APACC: How One CSU Organization Embraces Community and Culture


Students from the Muslim Student Association organized a Ramadan Iftar event, supported by the Asian Pacific American Cultural Center (APACC), Black / African American Cultural Center (B/AACC), and Islamic Center of Fort Collins. (Skyler Pradhan | College Avenue Magazine)

Kelsie Korinek, Contributor

In celebration of Asian Pacific Islander Desi American (APIDA) Heritage Month in May, Colorado State University’s Asian Pacific American Cultural Center (APACC) organized a variety of events to highlight the vivid cultures of their Asian American identifying community members. The diverse community at CSU paints a vibrant picture of the unique identities and experiences of its students and staff. The members of CSU’s community come from all walks of life, traveling from near and far to be a part of the university’s dynamic environment. 


As a diverse institution, the need for inclusive spaces on campus has been imperative to instilling a sense of belonging and inclusivity among members of the CSU community. These spaces serve as a safe place for folks to express themselves and their identities, while building community with their fellow peers. APACC is one of many inclusive spaces on campus that provides resources for the success and well-being of students and staff, while educating and bringing awareness to the history and heritage of those who call the Fort Collins and CSU communities home.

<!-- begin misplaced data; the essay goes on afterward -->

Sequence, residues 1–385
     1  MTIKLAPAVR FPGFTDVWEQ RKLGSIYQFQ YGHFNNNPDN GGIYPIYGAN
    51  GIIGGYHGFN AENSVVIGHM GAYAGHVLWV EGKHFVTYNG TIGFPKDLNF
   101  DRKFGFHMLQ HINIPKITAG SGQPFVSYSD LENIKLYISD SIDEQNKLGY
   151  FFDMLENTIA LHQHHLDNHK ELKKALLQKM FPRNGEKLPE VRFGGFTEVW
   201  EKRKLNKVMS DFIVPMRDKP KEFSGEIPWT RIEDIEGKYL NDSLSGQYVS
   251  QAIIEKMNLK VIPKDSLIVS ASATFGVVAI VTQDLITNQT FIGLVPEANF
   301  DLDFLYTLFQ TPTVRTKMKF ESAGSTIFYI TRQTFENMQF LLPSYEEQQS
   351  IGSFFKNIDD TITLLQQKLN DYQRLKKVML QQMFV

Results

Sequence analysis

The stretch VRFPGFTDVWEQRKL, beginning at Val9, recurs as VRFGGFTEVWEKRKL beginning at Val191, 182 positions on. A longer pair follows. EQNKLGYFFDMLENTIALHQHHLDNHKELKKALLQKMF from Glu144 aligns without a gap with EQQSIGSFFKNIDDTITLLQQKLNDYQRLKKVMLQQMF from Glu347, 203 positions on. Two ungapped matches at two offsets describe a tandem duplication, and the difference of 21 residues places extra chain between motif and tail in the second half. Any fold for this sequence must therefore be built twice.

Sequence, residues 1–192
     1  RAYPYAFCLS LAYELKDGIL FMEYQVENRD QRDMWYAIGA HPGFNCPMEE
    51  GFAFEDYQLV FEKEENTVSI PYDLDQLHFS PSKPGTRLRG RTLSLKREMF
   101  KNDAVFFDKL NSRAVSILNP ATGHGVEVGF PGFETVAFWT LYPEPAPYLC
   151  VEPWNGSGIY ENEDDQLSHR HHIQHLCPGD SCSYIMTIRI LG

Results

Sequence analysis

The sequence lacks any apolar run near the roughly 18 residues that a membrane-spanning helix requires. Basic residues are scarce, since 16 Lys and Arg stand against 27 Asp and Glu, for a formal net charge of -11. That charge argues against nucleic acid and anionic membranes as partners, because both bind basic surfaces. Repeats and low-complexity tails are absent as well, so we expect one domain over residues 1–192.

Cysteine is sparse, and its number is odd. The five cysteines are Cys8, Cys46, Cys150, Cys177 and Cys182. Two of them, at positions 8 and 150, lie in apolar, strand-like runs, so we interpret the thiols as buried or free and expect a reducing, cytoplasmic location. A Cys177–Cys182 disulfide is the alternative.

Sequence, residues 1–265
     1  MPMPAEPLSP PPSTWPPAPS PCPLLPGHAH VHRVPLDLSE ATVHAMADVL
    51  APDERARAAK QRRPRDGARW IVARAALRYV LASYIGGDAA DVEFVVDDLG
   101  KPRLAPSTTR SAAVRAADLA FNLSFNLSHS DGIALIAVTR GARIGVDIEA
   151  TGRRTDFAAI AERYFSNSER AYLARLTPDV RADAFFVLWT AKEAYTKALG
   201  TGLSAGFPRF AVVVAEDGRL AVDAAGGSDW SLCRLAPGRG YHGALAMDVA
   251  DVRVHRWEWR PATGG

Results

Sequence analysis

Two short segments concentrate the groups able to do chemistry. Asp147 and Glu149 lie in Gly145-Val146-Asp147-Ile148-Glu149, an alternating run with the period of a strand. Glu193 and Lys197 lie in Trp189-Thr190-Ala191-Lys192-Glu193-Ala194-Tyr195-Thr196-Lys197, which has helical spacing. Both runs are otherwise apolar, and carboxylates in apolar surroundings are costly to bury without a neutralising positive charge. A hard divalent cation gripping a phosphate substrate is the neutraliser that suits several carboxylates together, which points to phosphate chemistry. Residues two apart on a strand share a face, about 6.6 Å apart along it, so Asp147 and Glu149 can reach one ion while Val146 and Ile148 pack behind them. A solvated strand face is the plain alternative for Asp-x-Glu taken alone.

APACC works to “provide a safe and supportive space for Native Hawaiian, Pacific Islander, Southwest Asian, North African, Middle Eastern, Southeast Asian, Desi, adopted, mixed race, Asian American students, and other historically marginalized communities.” Three percent of the CSU undergraduate population identifies as Asian, Rachel Wada says, Student Success Coordinator for APACC. Five percent identify as two or more races, which accounts for a portion of students that identify as mixed race with Asian or APIDA descent. 

JoAnn Cornell is the Director of the Asian Pacific American Cultural Center (APACC) at Colorado State University. (Anna von Pechmann | College Avenue Magazine)